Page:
This is a guest post from Rachel Denning of DiscoverShareInspire.com. Been a crazy week for me personally. I am currently in Vancouver for 2 weeks to spend time with Chris as he waits for a new passport and UK visa. I’ve had this post saved for a little while and am excited to share it with you. Not sure we will ever be living out of a truck ourselves but find reading about this lifestyle inspiring. Enjoy! And thanks again for all the support with the book. I will have an update this weekend on the funds raised for CARE.
Perched atop the mountains, expansive picture windows provided us a picturesque view of the Central Valley below from our large, spacious (and fully furnished) rental home in San Jose, Costa Rica.
It was just a few months ago that we were living in the United States, and decided to sell most of our stuff and move abroad. Costa Rica was our country of choice – for several reasons – and now we were living here.
We loved the beauty, the diversity, the culture, the people- but it wasn’t a simple life. We’d carried our old American ways of consumerism and social expectations with us, and maintained (and amplified) them in the expat community where we lived.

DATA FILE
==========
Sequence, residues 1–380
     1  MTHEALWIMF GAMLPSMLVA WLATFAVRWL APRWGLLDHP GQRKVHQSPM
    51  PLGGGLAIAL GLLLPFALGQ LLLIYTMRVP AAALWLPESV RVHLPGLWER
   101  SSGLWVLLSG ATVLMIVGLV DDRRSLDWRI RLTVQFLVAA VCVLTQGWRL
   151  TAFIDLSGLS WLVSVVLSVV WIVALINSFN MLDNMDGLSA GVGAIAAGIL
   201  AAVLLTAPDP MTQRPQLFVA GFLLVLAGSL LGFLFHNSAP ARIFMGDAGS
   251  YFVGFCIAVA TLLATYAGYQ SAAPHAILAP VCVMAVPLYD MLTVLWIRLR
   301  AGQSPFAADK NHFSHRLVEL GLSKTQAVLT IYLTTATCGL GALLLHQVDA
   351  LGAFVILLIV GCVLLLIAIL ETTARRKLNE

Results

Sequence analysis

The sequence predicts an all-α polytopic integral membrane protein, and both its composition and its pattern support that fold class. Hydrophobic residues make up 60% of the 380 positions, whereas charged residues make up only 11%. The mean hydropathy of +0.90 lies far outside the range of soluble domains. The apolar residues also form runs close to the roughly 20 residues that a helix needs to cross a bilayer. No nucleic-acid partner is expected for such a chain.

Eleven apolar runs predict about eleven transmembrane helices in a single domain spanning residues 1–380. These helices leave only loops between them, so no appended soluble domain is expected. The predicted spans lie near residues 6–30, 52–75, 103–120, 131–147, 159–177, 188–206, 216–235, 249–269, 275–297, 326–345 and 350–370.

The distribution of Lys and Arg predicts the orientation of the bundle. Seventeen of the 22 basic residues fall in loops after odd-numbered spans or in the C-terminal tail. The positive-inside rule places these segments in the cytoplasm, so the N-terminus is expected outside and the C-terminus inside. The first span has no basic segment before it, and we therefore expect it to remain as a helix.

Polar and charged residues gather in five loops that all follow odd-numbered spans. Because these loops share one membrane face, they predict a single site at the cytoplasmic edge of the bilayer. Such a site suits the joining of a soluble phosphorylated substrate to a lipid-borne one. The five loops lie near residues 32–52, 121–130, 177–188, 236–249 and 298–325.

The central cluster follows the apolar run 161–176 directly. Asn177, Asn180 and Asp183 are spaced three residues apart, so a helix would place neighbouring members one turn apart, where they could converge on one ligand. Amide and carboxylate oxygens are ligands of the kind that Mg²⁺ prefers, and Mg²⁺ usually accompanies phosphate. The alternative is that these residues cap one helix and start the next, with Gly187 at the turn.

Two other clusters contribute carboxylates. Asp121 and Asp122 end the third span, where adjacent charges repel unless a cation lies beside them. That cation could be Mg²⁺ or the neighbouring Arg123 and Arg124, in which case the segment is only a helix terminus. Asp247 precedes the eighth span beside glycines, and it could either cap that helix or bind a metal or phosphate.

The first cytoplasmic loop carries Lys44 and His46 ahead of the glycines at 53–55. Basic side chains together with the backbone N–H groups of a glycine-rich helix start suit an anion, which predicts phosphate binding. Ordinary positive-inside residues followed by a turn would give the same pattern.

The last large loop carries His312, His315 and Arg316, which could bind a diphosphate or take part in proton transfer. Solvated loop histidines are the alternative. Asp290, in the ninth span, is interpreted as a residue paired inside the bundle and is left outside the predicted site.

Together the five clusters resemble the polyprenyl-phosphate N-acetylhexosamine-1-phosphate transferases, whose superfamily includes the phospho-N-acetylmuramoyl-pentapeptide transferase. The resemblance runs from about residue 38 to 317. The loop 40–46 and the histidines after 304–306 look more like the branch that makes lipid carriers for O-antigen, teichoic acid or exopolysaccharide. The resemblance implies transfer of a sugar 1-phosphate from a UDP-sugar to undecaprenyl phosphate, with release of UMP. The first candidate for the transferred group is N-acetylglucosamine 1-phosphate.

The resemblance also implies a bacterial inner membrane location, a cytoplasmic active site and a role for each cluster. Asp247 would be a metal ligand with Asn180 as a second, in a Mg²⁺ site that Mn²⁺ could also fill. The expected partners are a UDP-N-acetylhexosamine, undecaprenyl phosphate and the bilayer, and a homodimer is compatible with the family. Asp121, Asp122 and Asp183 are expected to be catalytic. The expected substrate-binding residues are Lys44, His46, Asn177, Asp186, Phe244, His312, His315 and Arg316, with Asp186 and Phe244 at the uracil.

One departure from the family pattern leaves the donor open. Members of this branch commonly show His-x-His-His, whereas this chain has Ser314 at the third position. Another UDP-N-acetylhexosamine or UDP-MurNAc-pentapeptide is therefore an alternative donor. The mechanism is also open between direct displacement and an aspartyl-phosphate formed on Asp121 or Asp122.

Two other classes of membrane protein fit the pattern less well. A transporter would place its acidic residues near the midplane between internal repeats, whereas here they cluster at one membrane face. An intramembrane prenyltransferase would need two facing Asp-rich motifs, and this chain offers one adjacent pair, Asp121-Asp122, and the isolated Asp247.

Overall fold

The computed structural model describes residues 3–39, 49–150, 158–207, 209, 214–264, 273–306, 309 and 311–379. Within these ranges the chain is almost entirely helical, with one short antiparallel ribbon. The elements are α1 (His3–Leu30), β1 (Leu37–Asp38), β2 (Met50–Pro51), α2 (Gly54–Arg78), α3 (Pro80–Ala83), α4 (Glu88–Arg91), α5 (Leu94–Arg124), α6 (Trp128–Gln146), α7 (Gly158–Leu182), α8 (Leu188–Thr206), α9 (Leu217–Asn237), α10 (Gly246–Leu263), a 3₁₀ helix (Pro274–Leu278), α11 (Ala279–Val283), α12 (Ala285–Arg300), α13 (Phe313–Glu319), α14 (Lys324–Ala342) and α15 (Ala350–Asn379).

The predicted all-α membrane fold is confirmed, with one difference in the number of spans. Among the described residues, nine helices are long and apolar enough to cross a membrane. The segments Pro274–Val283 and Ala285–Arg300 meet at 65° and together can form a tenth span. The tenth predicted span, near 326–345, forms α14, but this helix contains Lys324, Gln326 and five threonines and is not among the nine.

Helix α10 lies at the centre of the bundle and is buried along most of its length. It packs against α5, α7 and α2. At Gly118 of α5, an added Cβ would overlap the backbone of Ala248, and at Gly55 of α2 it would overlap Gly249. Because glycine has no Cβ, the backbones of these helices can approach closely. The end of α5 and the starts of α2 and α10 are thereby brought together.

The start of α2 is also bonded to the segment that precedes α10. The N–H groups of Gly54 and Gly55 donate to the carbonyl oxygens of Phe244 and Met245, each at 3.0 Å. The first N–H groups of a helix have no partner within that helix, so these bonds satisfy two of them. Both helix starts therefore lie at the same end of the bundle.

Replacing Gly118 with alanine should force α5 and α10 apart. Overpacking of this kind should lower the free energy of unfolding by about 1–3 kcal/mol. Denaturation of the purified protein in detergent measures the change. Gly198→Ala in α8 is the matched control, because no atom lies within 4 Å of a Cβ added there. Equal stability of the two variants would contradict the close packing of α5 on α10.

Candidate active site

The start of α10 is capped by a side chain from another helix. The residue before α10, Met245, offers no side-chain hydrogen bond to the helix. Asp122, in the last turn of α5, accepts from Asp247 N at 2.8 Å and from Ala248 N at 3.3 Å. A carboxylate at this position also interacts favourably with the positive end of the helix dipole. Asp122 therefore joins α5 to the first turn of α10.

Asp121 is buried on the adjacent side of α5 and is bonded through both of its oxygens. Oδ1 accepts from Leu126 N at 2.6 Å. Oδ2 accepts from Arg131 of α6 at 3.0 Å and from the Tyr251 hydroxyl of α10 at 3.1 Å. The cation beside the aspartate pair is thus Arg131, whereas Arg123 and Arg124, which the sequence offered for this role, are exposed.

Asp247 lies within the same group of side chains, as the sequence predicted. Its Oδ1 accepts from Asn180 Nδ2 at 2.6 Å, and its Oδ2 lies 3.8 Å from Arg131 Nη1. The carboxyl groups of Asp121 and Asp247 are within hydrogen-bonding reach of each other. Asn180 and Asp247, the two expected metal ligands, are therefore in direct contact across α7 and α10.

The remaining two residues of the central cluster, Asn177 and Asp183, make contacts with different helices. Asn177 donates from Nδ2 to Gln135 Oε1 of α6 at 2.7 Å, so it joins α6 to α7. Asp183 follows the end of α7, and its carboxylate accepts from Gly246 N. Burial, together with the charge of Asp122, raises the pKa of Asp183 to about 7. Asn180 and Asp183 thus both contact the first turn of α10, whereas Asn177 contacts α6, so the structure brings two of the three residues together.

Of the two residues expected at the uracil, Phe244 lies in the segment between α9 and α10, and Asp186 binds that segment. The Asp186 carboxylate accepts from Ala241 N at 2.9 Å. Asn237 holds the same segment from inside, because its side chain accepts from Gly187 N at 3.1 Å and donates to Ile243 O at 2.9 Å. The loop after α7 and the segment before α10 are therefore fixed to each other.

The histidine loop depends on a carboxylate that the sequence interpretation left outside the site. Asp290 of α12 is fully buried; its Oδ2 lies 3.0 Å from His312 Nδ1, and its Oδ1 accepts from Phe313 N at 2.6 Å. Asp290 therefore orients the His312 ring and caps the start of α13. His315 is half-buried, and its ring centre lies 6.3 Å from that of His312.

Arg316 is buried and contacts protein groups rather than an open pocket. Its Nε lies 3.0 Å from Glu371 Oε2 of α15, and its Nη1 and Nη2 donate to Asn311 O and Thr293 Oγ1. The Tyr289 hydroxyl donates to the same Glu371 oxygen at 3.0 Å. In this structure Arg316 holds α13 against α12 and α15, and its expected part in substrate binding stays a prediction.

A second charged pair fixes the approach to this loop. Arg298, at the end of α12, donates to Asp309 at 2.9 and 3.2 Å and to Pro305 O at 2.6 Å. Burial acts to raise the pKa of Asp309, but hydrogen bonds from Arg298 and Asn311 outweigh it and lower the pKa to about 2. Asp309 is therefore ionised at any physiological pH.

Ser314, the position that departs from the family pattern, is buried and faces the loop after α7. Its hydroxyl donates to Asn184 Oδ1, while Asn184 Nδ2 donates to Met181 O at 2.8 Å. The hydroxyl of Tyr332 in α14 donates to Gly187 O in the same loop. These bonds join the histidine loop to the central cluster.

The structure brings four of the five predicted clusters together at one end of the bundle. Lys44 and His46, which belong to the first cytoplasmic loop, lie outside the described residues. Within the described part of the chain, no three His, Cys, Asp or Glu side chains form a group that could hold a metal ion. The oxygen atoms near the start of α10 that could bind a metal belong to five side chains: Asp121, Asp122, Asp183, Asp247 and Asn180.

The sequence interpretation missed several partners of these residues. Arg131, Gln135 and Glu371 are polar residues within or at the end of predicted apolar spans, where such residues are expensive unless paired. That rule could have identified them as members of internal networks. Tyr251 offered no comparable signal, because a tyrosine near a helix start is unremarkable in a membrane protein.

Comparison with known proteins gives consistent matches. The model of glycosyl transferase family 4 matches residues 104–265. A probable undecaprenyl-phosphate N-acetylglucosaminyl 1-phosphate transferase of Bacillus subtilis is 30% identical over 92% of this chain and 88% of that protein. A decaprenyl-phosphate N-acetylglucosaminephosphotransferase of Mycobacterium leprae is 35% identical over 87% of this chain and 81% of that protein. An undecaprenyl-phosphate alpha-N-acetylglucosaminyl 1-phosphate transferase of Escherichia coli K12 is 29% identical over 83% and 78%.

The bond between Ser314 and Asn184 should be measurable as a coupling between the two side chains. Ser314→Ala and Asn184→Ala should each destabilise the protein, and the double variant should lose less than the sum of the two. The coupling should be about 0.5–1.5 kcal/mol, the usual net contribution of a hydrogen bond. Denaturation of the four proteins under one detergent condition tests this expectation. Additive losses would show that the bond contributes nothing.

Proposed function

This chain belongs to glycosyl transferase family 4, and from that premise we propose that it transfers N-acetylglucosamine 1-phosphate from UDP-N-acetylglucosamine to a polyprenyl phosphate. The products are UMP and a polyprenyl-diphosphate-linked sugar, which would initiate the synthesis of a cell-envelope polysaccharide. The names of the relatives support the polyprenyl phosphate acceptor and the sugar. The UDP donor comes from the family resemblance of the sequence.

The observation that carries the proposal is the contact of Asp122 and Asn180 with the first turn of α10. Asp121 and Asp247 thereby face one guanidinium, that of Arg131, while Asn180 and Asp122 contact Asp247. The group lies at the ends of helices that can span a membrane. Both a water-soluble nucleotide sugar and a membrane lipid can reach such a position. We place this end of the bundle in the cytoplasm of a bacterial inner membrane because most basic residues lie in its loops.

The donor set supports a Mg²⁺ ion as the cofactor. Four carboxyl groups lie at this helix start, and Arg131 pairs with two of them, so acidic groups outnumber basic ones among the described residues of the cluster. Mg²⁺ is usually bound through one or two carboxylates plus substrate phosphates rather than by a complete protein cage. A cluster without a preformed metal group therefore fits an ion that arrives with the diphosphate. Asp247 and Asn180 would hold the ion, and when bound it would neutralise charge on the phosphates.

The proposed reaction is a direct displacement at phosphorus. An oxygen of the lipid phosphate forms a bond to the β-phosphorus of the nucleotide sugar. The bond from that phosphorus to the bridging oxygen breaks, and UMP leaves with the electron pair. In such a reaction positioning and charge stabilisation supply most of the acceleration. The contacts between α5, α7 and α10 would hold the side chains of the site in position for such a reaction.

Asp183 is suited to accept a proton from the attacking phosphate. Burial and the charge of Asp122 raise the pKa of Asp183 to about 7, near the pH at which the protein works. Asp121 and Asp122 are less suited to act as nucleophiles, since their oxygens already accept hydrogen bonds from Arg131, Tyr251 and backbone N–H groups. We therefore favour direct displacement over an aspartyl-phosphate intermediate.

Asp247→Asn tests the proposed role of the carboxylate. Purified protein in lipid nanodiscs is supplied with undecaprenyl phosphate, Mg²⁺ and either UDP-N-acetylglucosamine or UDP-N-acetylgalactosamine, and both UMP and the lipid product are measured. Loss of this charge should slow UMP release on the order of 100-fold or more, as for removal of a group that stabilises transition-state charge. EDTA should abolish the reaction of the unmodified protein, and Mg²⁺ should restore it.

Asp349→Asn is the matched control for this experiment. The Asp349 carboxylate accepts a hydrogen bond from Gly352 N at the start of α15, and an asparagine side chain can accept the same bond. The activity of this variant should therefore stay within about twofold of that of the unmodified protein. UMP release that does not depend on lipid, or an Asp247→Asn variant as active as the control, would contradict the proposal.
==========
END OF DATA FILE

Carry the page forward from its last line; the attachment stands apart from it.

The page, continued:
Our home was an ungodly 6500 sq. feet of (beautiful but) unneeded space. Our monthly expenses would have made Suze Orman scream. We equated having lots of stuff and spending lots of money with being happy.
Instead of happiness, what I usually felt was a great deal of stress (on meeting those monthly massive bills), and an unreasonable compulsion to have more, believing that it would be the ‘answer’.
Fast forward four years, and I sit here writing in my ‘home office’ – the passenger seat of our Ford F250 – expedition vehicle/home on wheels.
We’re camped just sprinting distance from the wall that separates the U.S. and Mexico (where we’ll be crossing later today).
The approximately 321 things that we own fit into totes that are attached to our roof. Our five children sleep soundly in the back of our truck, or in the roof top tent above.